Google Research

Improving Performance of End-to-End ASR on Numeric Sequences

Proc. Interspeech (2019) (to appear)

Abstract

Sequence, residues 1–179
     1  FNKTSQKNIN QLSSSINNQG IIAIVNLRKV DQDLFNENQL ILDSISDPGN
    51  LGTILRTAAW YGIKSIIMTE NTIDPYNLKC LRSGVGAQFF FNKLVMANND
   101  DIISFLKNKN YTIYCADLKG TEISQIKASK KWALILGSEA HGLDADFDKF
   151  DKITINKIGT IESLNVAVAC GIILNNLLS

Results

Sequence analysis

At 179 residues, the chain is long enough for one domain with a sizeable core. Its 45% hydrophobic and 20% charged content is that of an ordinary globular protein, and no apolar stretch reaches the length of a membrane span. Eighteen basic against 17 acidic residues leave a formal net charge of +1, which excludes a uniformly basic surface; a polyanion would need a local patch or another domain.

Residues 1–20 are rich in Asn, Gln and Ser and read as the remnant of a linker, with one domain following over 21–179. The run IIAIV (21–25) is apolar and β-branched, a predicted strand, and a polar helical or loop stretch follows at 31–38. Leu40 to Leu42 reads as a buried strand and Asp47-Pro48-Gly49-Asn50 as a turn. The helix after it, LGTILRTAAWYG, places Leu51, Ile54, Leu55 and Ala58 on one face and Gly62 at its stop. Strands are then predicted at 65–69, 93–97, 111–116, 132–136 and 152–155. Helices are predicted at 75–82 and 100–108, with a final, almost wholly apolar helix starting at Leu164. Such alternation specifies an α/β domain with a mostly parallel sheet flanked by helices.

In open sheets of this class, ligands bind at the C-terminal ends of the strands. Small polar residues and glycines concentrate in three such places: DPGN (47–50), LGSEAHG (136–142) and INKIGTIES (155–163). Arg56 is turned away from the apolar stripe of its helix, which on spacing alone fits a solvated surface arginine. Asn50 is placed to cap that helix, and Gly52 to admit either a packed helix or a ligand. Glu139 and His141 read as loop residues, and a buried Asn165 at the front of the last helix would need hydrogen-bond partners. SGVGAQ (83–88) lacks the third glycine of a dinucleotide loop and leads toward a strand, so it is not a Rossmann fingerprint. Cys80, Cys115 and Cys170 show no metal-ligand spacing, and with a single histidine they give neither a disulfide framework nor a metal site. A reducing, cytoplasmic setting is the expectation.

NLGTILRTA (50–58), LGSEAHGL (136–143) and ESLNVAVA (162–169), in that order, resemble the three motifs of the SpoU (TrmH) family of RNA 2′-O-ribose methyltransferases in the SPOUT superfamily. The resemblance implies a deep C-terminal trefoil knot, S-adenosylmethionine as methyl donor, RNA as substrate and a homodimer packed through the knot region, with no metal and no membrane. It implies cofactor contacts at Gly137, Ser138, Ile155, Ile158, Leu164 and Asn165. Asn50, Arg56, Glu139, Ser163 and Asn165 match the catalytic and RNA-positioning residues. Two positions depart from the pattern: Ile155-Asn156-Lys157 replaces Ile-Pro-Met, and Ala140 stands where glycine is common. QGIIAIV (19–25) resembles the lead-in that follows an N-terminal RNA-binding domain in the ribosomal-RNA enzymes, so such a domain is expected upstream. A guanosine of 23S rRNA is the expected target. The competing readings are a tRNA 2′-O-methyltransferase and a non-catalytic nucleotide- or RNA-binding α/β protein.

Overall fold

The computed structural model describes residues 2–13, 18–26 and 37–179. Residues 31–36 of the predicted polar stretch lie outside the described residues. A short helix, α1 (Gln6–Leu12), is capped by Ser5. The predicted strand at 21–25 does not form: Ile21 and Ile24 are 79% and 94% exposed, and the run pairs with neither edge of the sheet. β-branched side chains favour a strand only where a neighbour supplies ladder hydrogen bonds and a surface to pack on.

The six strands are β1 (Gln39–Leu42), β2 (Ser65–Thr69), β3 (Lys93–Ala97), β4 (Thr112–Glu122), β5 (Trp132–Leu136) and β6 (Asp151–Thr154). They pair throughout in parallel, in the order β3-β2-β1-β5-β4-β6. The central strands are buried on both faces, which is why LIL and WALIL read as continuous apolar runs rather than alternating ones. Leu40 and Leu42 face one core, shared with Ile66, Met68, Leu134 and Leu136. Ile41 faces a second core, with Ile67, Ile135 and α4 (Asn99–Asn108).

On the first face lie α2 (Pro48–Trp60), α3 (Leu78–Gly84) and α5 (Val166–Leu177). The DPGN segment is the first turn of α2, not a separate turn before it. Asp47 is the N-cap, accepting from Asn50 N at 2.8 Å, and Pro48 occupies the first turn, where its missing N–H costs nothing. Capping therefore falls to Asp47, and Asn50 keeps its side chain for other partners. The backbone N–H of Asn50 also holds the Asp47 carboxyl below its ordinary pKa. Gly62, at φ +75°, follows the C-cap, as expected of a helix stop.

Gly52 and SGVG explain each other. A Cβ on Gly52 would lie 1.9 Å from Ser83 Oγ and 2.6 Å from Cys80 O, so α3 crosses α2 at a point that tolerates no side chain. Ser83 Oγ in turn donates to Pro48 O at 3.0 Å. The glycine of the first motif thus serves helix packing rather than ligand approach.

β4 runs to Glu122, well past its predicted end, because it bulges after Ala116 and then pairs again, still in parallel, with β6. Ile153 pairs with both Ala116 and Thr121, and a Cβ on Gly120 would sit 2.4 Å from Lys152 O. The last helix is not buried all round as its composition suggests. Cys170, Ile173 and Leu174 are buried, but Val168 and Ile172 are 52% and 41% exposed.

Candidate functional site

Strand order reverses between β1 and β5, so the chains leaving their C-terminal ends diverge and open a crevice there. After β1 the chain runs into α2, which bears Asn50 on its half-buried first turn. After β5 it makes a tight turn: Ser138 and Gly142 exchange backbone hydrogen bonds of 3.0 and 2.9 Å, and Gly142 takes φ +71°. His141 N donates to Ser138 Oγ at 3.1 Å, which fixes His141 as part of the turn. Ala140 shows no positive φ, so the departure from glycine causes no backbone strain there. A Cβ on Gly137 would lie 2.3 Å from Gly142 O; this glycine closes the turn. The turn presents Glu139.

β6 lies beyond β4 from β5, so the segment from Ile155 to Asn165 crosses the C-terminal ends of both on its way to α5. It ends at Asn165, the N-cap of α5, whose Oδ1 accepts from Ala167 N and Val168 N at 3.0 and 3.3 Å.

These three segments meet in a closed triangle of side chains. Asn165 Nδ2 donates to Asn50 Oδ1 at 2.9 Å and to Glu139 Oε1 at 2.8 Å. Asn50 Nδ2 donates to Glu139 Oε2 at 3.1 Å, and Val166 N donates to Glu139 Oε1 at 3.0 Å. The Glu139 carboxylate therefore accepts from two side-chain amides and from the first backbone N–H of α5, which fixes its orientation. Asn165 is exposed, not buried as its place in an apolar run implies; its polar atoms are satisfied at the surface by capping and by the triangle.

Recognizing written domain numeric utterances (e.g., I need $1.25.) can be challenging for ASR systems, particularly when numeric sequences are not seen during training. This out-ofvocabulary (OOV) issue is addressed in conventional ASR systems by training part of the model on spoken domain utterances (e.g., I need one dollar and twenty five cents.), for which numeric sequences are composed of in-vocabulary numbers, and then using an FST verbalizer to denormalize the result. Unfortunately, conventional ASR models are not suitable for the low memory setting of on-device speech recognition. E2E models such as RNN-T, are attractive for on-device ASR, as they fold the AM, PM and LM of a conventional model into one neural network. However, in the on-device setting the large memory footprint of an FST denormer makes spoken domain training more difficult. In this paper, we investigate techniques to improve E2E model performance on numeric data. We find that using a text-to-speech system to generate additional numeric training data, as well as using a small-footprint neural network to perform spoken-to-written domain denorming, yields improvement in several numeric classes. In the case of the longest numeric sequences, we see reduction of WER by up to a factor of 7.in this setting forces training back into the written domain, resulting in poor model performance on numeric sequences. In this paper, we investigate different techniques to improve E2E model performance on numeric data. We find that by using a text-to-speech system to generate additional training data that emphasizes difficult numeric utterances, as well as by using an independently-trained small-footprint neural network to perform spoken-to-written domain denorming, we achieve strong results in several numeric classes. In the case of the longest numeric sequences, for which the OOV issue is most prevalent, we see reduction of WER by up to a factor of 7.

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